I have been in Hancock, Maine nigh on a month plus change, Conducting-Associating my little heart out for l’Ã‰cole Perry Montux.Â Yesterday, the unthinkable occurred — we experienced our third straight day without rain.Â Around these parts, that’s considered a dangerous drought, but I found it so inspiring that I decided to embark on a little photojournalism project to get to the heart of Hancock.
Where better to start any trip to Hancock than at The Raye Chainsaw Sawyer Artist? Nightly shows at 7:00 PM feature The Raye Chainsaw himself sculpting masterpieces from logs.Â Speaking of logs, next we move to…
Alden Bunker, Pine Tree specialist to the stars.Â What Enterprising young Pine Tree specialist wouldn’t want to establish Hancock as his home base?Â The one confusing thing about Alden’s is that the parking lot is always full of school buses, not pine trees.Â Rather, I should say full of Handcrafted Pine School Buses, painstakingly designed by Raye Sawyer, nightly.
It’s true that Raggedy Ann Dolls are not hard to come by — most small towns with populations of 500 or more have entire stores devoted to them.Â Thank goodness I came to Hancock though, where Raggedy Andy is given his due.Â I just hope that the owner of that 1984 gray Cadillac Sedan isn’t planning to dress his Raggedy Andy doll in any of those American Girl Size clothes.Â They’d probably be too big for him anyway, what with some of these obese children I see walking around here.
Never having patronized Debbie’s myself, I can only imagine what sort of Blueberry Ware she has in store for us, but I do know one thing — if you’re sick of those high-end, marked-up Blueberry Ware prices, you can always walk right next door:
Yes, all this plus a Conducting School and a Gazebo await you in beautiful Hancock, Maine.Â I defy even Ludwig von Mises to explain this local economy.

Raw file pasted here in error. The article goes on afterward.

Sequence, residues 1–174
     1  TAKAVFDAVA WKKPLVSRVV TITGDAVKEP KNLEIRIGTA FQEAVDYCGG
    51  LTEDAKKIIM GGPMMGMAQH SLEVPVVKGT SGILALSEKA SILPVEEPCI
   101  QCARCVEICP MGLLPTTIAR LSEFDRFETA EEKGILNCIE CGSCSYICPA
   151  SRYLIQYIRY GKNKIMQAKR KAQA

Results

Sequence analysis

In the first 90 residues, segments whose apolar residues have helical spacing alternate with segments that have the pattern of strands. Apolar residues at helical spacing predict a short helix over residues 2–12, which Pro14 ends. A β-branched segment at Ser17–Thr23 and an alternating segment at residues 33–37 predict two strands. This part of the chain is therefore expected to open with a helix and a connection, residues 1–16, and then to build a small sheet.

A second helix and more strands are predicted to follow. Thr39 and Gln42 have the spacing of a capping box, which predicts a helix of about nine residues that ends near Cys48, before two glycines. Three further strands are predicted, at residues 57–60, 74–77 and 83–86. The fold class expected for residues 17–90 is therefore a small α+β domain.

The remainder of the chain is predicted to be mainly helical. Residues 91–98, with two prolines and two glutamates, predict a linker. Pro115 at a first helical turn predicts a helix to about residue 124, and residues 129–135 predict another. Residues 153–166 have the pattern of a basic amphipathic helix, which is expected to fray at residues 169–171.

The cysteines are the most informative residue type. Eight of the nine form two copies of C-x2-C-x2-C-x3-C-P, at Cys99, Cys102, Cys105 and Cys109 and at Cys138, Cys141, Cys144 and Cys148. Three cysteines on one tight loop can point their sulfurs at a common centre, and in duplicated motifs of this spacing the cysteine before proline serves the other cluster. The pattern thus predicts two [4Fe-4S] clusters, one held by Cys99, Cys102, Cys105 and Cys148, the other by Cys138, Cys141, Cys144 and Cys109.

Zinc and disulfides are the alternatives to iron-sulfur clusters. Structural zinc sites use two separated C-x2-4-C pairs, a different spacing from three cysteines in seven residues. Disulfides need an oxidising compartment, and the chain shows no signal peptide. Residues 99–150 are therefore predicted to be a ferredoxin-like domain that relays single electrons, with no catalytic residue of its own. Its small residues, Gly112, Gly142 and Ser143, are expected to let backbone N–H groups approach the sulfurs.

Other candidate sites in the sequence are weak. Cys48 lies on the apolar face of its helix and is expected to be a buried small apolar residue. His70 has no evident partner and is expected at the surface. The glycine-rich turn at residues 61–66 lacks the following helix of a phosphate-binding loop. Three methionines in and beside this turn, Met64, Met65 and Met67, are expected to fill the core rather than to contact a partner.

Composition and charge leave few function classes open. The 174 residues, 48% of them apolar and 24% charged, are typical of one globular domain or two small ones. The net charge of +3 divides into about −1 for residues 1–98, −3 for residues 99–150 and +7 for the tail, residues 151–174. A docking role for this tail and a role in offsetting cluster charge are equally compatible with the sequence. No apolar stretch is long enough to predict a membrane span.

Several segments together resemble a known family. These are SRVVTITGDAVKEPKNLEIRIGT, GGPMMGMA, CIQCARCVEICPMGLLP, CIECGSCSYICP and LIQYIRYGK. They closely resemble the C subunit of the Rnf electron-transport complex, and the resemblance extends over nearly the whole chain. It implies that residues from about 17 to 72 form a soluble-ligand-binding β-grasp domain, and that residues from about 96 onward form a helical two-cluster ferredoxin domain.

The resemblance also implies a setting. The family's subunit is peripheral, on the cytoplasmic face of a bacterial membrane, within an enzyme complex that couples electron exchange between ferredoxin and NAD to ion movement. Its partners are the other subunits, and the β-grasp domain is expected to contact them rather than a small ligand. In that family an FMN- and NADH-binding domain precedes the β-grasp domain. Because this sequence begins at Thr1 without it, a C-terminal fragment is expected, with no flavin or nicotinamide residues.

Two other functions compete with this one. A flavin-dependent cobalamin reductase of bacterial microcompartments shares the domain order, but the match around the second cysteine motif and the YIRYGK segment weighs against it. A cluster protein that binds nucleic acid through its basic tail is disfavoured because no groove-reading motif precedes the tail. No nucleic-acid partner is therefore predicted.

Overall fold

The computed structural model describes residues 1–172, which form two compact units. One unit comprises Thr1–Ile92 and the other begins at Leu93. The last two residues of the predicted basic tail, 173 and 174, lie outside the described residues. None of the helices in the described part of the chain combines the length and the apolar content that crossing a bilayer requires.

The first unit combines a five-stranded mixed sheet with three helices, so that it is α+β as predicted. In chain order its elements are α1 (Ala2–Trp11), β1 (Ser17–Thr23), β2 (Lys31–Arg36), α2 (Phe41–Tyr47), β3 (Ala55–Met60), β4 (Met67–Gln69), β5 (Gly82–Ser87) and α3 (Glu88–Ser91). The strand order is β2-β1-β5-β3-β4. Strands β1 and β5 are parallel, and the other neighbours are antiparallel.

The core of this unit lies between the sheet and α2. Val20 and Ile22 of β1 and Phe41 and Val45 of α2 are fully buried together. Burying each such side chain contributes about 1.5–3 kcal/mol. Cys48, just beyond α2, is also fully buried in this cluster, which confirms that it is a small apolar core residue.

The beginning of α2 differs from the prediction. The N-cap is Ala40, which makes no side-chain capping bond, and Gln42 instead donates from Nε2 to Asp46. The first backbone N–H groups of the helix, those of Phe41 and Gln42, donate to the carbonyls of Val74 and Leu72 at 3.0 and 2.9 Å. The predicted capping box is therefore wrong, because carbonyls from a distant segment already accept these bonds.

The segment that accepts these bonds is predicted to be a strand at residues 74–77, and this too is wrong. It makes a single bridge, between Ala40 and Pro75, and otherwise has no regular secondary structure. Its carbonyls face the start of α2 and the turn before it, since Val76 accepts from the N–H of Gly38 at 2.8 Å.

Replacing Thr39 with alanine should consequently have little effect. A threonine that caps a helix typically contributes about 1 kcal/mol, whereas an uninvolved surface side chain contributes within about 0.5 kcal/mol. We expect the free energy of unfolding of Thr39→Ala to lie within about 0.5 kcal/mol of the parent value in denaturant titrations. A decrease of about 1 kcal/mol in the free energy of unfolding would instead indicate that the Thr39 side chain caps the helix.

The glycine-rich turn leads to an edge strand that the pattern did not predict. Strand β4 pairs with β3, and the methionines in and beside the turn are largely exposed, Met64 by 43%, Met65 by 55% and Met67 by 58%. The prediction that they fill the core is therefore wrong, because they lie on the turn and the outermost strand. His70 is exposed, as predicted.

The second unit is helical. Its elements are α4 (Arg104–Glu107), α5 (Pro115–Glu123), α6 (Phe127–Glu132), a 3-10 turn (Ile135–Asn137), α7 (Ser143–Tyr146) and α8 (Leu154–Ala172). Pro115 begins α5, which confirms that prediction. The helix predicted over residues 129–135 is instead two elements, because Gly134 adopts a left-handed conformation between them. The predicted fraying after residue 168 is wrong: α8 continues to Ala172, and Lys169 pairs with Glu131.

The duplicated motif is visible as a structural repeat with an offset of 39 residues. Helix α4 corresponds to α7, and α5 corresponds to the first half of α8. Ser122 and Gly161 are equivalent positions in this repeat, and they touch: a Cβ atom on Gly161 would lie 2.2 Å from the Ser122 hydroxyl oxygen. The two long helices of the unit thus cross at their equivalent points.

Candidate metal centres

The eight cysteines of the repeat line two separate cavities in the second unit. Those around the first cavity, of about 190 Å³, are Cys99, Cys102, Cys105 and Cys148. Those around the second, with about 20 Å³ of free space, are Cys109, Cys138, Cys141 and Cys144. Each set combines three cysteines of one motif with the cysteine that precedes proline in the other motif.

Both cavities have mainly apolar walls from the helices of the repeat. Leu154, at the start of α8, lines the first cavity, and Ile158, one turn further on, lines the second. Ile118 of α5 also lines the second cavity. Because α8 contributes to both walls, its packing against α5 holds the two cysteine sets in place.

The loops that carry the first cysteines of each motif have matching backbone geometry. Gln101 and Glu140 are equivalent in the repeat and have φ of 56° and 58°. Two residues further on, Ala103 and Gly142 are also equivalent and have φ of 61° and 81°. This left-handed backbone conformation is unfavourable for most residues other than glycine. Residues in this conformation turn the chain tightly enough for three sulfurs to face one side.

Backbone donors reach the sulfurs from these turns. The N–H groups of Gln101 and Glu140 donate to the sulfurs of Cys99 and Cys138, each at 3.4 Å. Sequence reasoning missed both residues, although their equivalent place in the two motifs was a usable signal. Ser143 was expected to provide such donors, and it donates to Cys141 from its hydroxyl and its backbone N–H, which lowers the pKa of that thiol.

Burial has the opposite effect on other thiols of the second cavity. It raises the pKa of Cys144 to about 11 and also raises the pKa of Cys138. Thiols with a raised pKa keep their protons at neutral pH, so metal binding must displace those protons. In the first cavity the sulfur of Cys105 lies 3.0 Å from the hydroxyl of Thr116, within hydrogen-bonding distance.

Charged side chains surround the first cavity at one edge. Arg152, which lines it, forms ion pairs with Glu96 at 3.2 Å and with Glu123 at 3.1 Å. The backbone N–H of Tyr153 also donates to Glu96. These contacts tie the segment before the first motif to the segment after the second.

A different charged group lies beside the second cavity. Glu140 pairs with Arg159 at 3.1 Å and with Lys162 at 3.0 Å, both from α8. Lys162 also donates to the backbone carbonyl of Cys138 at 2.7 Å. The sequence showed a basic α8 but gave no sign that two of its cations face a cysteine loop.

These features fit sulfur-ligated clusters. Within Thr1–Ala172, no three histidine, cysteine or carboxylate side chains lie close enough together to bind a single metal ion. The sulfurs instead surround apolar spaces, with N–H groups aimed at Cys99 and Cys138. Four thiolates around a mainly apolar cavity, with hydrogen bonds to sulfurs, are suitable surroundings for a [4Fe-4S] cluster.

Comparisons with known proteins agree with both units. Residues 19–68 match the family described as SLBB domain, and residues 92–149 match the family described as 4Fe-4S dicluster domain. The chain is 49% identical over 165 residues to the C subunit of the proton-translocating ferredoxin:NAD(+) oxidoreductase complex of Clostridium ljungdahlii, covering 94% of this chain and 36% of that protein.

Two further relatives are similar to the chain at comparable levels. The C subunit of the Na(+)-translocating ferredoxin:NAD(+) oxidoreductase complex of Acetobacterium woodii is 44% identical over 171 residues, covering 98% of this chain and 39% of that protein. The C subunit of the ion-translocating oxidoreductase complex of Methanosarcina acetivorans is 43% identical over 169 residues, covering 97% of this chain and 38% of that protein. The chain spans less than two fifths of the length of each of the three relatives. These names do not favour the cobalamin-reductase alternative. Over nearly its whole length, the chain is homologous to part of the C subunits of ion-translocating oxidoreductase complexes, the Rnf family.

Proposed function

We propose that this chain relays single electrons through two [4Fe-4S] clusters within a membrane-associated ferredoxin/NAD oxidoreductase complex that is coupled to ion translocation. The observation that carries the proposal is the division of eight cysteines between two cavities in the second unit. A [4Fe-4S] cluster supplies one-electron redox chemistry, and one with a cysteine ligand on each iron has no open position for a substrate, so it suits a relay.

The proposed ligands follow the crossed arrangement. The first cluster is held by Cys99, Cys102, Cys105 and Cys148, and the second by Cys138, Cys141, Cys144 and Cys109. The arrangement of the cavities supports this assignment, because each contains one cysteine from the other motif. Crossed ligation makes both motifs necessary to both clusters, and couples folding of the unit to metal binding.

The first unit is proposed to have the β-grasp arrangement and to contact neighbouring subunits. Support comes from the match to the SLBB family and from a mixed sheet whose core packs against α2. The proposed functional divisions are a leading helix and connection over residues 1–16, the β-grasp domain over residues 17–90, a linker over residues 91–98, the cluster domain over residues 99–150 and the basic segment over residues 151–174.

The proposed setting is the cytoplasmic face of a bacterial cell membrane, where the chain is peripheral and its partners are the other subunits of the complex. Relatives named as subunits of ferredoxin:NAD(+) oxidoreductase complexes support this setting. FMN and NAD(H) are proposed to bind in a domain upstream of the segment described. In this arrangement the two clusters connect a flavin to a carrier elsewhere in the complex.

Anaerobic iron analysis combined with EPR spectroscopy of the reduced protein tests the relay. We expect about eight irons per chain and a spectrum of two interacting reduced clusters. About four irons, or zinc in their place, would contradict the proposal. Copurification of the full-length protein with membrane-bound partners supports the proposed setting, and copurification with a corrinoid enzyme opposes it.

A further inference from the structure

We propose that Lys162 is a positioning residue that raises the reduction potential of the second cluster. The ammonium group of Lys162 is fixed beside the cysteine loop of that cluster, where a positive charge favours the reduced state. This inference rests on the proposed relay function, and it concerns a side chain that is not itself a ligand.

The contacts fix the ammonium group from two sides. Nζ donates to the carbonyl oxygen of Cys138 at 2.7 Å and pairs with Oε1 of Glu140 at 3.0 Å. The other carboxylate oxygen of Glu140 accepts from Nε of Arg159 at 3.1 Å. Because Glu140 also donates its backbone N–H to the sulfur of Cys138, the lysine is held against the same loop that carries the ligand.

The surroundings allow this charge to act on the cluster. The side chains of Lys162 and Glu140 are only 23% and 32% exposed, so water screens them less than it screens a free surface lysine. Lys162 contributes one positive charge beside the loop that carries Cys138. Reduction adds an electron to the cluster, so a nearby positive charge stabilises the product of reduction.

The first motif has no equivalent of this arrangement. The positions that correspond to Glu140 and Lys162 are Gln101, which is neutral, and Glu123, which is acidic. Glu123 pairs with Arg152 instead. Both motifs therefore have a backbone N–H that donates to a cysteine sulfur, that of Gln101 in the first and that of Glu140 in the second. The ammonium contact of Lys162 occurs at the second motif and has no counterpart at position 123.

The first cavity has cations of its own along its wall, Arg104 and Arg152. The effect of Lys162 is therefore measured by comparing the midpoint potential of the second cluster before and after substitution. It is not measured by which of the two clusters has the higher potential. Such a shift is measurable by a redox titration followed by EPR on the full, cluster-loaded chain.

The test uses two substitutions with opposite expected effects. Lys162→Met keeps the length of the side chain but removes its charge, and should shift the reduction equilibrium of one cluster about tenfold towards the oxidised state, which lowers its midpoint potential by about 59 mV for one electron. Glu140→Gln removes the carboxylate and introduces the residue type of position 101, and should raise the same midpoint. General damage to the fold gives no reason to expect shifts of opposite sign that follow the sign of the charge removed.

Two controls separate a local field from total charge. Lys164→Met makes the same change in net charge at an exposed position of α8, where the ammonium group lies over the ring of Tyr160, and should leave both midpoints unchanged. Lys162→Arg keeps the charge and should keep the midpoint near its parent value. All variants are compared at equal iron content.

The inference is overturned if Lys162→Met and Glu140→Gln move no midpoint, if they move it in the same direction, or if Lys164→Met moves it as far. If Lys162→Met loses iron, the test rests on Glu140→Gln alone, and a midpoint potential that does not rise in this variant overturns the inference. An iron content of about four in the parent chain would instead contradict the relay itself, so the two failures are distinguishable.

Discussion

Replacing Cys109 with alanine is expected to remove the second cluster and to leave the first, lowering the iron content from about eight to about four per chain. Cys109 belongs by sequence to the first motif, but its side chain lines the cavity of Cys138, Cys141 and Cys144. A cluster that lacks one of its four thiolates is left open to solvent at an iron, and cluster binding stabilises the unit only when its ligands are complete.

I’m just sitting here in the office trying to mind my own business, and this creepy old dude keeps staring at me:
Sir, though you may like what you see, please do avert your eyes and get to conducting something by someone named Igor or Johannes, if you would.
In other news, I’m happy to report that a certain JvR was pleased with my not-so-recent efforts which have just been released on disc.Â Do you think that means I should take back some of the mean things I said about him?Â Well, maybe not… but I guess I didn’t have to call him John Boy.
So, word on the street is that Paul Hindemith marked the fourth movement of his Solo Viola Sonata (Op. 25 No. 4) to be played Quarter Note = 600-640.Â Never one to back down from a challenge, I’d like to use this space to present my own new Solo Viola Sonata:
I would ask that performers pay particular attention to the staccati.
Upon further thought, I have decided to authorize this piece for performance on the 35,000-year-old Vulture Bone Flute.Â From henceforth, it shall be known as the White Solo Sonata for Viola or 35,000-year-old Vulture Bone Flute.
Seeing as there is no other music or music-industry related news that I could possibly comment on, I bid thee adieu.
Editor’s note from the first edition (State Music Publishing House, Moscow, 1938) of Prokofiev’s 2nd Suite from Romeo and Juliette:
The “maracas” (6th movement), originally from Cuba, consist of two walnuts hollowed and dried, and then packed with grains.Â This instrument is used for playing rhumba (jazz).Â A box filled with many nails can be substituted for the maracas.
An open response to the Editor:
No, it certainly can’t.Â Might I recommend that the next time you are dancing the rhumba or any other (jazz) number, you kindly take the aforementioned box of nails and beat it against your skull?Â Oh, and would you please send me some Gargantuan Russian Walnuts while you’re at it?Â I’m feeling a bit peckish.